Who is this list for: everyone who’s read one of my books as either Catherine Webb, Kate Griffin or Claire North and been a bit like “huh, I wonder if she’s written anything else oh sweet heavens…” However, it’s worth saying that everything I ever wrote is for me mwhahahaha! Every book I’ve ever written I’ve written for my own delight and pleasure, so with that taken as read, here we go….
Mirror Dreams/Mirror Wakes
Written when I was 14/15 years old, I remember very little about these books. They are high fantasy replete with wizards and an otherworldly land constructed from the churning oceans of the dreaming mind. They were fun, I think? I mean, I try never to write something that isn’t fun. What they mostly are, however, are a pair of books written by a teenager for a teenager who loved high fantasy, so if you’ve got a reader out there who matches this description….
Who’s it for: teenage geeks who can’t quite believe the local library isn’t updating it’s SF/Fantasy catalogue fast enough.
By now I was maybe 15/16, so they’re still definitely YA, but they’re YA narrating the adventures of Lucifer who is starting to have the characteristically glum time that pursues so many of my main characters. They’re modern day, mildly thrillery and again, what I mostly remember is having fun. If your teenage reader is choosing between Waywalkers or Mirror Dreams, then Waywalkers is probably the better-crafted book.
Who’s it for: teenage geeks who’ve devoured all the myths and legends they can get their hands on, and are still hungry for more.
The Extraordinary And Unusual Adventures of Horatio Lyle
These are four books, which my then-editor commissioned me to write with a cry of “think Victorian adventure, Sherlock Holmes, Invasion of the Body Snatchers.” The result were a series that I have been informed were pure “boy’s own adventure” and probably the place where I really started playing with the skills I’d been learning for the past four years for my own nefarious, rip-roaring gleeful purposes. Again, I did once get 8/10 on a quiz on one of these so my memory is a little hazy, but this was the series where I think I probably started to grow up as a writer in terms of craft, mostly by leaning into my inner child with all the delight I possibly could.
Who’s it for: everyone who is like “what I want is some proper Victorian adventure, complete with flying machines, chases across the frozen Thames, fights in St. Pauls cathedral during thunder storms, cameos by Arthur Conan Doyle and a bit with a dog”.
A Madness of Angels
This series marked my first step-up to “grown-up fantasy” not to be confused with “adult fantasy” which has far more throbbing members. The first four books followed Matthew Swift, a sorcerer with innumerable problems beginning with his unsolved kinda-not-quite-murder, and it was pure, gleeful urban fantasy. As a Londoner it was basically a whole series dedicated to how magical and incredible I think the city is, with added sorcery. I’ve been told it’s somewhere between an epic poem to the richness and glory of London, mixed with high fantasy adventure. It was also the first time I really started mucking around with language to see what stuck, and what stuck was a first-person narrator with some real pronoun problems. To this day I sorta feel that the second book in the series, The Midnight Mayor, is probably a bit better than the first – but it’s not usually kosher to jump in at book two, so your call really.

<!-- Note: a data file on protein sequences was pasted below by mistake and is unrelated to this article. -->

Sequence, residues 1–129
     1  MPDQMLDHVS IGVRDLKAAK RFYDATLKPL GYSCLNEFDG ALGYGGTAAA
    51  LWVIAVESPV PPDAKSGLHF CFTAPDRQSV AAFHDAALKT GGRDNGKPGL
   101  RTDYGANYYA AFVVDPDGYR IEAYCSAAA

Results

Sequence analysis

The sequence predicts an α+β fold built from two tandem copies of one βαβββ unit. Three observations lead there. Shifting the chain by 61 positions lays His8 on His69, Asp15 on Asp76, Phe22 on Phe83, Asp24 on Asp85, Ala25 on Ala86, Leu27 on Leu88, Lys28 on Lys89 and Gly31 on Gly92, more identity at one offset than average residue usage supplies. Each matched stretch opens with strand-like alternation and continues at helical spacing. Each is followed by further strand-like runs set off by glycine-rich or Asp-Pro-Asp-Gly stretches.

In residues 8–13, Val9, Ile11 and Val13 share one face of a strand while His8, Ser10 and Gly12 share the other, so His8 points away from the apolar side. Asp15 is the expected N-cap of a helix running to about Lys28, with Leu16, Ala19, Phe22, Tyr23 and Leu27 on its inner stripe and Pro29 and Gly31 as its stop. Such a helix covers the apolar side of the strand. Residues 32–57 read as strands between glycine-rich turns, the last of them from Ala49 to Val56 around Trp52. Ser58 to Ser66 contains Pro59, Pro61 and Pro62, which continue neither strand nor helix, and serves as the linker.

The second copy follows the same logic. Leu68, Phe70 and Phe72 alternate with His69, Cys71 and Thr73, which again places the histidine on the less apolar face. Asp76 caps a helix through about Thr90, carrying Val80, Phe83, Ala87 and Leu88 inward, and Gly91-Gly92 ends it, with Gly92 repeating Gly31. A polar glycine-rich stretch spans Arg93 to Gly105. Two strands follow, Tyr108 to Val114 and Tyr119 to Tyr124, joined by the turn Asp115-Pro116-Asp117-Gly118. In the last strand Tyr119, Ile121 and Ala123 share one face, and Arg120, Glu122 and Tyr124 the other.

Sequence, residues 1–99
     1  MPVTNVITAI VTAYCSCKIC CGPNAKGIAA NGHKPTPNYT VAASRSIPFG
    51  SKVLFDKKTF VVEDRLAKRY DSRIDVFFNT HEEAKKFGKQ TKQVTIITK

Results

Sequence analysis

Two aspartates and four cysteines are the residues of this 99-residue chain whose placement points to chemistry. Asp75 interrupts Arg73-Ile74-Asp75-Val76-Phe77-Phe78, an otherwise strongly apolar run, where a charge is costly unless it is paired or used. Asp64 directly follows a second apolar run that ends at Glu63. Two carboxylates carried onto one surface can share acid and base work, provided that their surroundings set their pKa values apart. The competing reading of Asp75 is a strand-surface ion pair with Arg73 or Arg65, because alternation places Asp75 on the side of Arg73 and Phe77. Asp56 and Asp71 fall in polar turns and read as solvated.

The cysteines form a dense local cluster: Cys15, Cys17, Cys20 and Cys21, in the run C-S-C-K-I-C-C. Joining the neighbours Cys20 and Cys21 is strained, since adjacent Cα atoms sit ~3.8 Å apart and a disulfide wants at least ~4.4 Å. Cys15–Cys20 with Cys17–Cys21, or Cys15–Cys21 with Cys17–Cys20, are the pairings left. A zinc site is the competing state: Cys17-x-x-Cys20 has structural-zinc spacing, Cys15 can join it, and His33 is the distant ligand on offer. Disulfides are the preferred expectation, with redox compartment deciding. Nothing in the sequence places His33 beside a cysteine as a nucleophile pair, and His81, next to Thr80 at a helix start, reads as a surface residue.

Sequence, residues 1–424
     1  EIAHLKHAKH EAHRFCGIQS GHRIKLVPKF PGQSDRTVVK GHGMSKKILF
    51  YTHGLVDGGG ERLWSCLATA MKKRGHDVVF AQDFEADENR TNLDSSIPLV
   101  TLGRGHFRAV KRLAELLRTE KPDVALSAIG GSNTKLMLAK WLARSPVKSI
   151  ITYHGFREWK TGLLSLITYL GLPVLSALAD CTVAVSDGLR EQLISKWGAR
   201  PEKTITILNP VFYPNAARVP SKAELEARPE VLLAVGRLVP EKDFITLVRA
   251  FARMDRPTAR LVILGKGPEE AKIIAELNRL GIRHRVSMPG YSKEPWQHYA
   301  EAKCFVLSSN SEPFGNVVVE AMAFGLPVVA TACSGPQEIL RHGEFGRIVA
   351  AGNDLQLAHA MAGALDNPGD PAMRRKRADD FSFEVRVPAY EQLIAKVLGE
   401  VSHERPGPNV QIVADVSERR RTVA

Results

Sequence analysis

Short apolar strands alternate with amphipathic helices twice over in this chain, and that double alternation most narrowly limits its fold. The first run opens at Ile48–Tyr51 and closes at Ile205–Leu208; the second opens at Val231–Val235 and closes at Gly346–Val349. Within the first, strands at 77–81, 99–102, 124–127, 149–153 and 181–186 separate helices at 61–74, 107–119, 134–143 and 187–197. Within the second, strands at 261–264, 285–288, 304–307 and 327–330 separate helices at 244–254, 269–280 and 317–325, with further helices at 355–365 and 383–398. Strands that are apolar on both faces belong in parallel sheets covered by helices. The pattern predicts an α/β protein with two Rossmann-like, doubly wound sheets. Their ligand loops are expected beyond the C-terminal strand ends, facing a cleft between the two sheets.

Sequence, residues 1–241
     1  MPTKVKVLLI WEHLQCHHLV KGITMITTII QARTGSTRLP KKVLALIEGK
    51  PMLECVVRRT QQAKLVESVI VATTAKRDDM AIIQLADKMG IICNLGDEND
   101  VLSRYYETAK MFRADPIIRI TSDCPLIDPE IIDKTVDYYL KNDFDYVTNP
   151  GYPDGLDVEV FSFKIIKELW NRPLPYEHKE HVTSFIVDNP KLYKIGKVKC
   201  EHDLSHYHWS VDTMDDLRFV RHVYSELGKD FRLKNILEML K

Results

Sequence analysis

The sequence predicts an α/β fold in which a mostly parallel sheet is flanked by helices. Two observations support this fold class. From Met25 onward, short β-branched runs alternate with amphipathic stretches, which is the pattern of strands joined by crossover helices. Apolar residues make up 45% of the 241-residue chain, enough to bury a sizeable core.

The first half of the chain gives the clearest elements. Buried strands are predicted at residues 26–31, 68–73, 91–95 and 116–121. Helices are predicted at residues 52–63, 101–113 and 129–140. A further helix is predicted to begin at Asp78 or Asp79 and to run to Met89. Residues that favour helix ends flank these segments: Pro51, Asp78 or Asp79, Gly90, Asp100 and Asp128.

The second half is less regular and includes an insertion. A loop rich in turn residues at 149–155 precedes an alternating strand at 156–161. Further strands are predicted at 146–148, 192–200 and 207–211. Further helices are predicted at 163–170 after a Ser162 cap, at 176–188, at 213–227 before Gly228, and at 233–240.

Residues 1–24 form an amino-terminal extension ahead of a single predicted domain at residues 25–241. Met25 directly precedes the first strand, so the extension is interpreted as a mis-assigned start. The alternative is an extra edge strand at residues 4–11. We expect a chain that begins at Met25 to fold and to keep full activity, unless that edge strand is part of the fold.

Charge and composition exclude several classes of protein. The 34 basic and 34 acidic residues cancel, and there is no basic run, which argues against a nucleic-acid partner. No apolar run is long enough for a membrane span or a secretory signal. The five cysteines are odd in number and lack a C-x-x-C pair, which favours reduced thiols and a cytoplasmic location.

Who’s it for: anyone who’s ever found themselves standing beneath a flickering streetlamp at 2 a.m. and wondering – and maybe hoping a teensy bit – if magic is real.
Stray Souls/Glass God
Two books set in the same universe as A Madness of Angels, these followed Sharon Li, the somewhat put-upon urban shaman who finds herself accidentally running a support group for the mystically bewildered creatures of the city. By far and away my personal highlight from said support group was Kevin the vampire, who’s unusual condition meant he could only drink O- blood, thus very much cramping his style. I am informed by people with more objectivity than me that these books were a lot like the previous four, complete with chases, suspense, high stakes etc., only far more funny. It also marks the first time I had the guts to write a woman as my main POV, ending a run of numerous books where I found it easier to write affably ok-men surrounded by bad-ass women, for reasons that are… probably too complicated to cover here.
Who’s it for: anyone who’s ever wondered what they’d do if they really wanted to give online dating a go, but their talons make it difficult to swipe right on the app.
The First Fifteen Lives of Harry August
I wrote most of this book in the video operating room of the National Theatre. It is by far my most successful book in terms of people what like reading it, and with that as my sales pitch if you haven’t read it… give it a go!
Who’s it for: anyone who’s ever found themselves going “darn, I wish I’d done that differently”.
This book is a thriller that also happens to be an SF story about an entity that hops between bodies. But what it mostly is, is a thriller. Somewhere between a love letter to European travel and a great big essay to the miracle and complexity of the human experience, only with more guns.
Who’s it for: fans of half-seen assassins catching trains in the falling neon rain.
The Sudden Appearance of Hope
By the time I wrote this, I’d been a technician for a number of years, and if you think there is a correlation between a female lampie writing a book about a woman who people can see and then immediately forget seeing… you could quite possibly be onto something. In this case, it’s the story of Hope, told from her point of view as she tries to work out how to live her life when no one can remember her. It’s also, it turns out, a story about what it means to be considered a “perfect” person and the games we play in our quest for celebrity, beauty and status, with just a teensy weensy bit of brutal betrayal and body horror thrown in.